- Mac: Unfortunately, there is no word prediction tool that is built into the Mac operating system at this time.
- iDevices – there is basic word prediction on iPads and iPhones located just above the on-screen keyboard. This feature can be minimized if it is not needed. To turn on word prediction, go to “Settings”, then select “General” and then “Keyboards.” Furthermore, iOS now permits the use of 3rd party keyboards, many of which offer word prediction as a feature.
- Chrome: There are two tools that offer word prediction as an extension (e):
- Read&Write for Google (e) – clicking on the word prediction icon activates the tool.
- ATBar (e) – clicking on the word prediction icon activates this feature.
- Mac computer: use Read&Write for Google.
- iDevice: use the built-in word prediction tool alongside the on-screen keyboard or one of the many 3rd party keyboards that offer prediction.
- Windows computer: although the built-in onscreen keyboard offers word prediction, you may be better off using Read&Write for Google.
- ChromeBook: use Read&Write for Google.
Enabling students to quickly and easily look up the meaning of a word may boost their comprehension skills.
Windows: There is no definition support built into the Windows operating system at this time.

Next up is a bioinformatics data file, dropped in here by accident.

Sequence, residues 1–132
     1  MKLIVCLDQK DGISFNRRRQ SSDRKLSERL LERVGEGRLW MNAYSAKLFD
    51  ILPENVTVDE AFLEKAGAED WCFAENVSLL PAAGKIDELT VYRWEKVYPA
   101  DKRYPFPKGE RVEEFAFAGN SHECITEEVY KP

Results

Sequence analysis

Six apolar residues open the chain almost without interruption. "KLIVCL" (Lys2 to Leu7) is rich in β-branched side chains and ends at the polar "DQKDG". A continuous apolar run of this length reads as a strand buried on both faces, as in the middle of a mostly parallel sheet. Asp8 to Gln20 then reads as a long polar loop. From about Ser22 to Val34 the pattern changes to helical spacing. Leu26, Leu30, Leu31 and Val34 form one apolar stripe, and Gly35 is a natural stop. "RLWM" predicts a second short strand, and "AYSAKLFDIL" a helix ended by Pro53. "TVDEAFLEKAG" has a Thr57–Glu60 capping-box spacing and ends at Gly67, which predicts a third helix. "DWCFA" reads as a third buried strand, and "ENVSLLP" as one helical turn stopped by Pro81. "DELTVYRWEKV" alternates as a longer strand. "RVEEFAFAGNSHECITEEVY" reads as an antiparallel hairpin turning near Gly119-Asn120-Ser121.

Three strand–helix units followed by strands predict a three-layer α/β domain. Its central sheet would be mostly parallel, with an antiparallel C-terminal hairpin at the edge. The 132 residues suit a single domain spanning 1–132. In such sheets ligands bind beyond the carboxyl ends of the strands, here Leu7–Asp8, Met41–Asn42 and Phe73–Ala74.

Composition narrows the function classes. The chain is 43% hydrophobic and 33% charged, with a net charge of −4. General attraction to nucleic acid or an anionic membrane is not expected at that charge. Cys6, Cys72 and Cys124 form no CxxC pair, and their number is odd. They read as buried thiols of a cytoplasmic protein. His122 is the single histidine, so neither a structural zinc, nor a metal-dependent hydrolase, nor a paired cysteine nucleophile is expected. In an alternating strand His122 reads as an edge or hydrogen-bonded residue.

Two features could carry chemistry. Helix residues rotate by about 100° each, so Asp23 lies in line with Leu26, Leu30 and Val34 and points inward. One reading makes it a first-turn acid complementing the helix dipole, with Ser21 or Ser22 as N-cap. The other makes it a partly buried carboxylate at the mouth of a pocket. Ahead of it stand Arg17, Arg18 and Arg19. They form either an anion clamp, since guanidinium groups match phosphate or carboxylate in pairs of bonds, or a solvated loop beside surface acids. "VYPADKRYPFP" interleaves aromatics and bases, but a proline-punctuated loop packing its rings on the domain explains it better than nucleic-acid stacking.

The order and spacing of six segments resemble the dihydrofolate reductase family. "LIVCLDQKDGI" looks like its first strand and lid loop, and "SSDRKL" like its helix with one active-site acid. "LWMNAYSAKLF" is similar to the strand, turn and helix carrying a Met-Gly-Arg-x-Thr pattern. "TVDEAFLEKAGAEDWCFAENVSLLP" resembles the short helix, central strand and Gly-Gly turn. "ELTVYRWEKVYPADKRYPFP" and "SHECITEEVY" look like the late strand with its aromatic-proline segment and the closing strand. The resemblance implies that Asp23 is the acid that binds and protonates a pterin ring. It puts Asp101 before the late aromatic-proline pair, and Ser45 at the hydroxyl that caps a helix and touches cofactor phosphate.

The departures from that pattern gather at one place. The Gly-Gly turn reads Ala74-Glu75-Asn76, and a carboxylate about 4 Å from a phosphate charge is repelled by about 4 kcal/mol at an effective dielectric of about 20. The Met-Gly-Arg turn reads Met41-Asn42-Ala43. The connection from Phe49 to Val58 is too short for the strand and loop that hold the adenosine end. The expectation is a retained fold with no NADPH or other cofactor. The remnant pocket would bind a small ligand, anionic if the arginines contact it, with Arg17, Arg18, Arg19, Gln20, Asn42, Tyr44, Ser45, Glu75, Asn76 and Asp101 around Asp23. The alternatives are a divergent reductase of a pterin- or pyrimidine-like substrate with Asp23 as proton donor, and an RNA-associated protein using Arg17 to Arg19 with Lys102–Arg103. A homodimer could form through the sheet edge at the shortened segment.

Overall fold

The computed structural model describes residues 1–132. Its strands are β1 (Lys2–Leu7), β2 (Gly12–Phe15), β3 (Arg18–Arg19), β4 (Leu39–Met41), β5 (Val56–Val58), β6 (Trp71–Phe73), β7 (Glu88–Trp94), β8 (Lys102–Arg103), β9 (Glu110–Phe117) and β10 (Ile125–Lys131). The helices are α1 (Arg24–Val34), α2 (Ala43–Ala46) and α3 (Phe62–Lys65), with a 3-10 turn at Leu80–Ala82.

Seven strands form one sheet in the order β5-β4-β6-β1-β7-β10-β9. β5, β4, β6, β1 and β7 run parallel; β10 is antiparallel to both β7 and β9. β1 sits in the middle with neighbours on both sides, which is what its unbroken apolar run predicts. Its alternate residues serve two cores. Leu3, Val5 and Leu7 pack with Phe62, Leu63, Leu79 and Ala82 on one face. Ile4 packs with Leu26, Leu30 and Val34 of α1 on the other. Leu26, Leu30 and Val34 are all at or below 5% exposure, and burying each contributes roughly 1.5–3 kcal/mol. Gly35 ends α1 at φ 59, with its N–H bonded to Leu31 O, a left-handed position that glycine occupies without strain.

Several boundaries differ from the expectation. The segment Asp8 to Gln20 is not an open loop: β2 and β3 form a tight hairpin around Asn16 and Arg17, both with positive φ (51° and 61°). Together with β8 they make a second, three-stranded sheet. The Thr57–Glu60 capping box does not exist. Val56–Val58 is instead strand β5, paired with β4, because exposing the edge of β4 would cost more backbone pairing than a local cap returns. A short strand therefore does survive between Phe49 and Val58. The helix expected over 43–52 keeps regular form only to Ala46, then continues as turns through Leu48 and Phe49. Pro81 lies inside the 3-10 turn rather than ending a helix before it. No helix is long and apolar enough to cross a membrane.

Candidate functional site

- Mac: On programs that support the define tool (mostly Mac programs at this time), a series of keypresses will enable looking up the meaning of a word. These key presses can be configured in System preferences and TrackPad. Alternatively, you can highlight the word, right click and select define. In addition, there is a dictionary app that allows users to manually type in words but this is more onerous than the previous method.
- iDevices – there is also a define tool built into the iOS system. Simply long press any word and the option to define it will be available.
Chrome: There are several extensions (e) that allow students to look up words:
- Read&Write for Google (e) – highlighting the word and clicking on the word prediction icon in the toolbar gives a definition of the word.
- Google Dictionary (e) – highlighting the word and clicking on the word prediction icon gives a definition of the word.
- ATBar (e) – highlighting the word and clicking on the dictionary icon gives a definition of the word. The definition is not quite as accurate as other dictionaries.
- Mac computer: use the built-in define tool using only one special key press.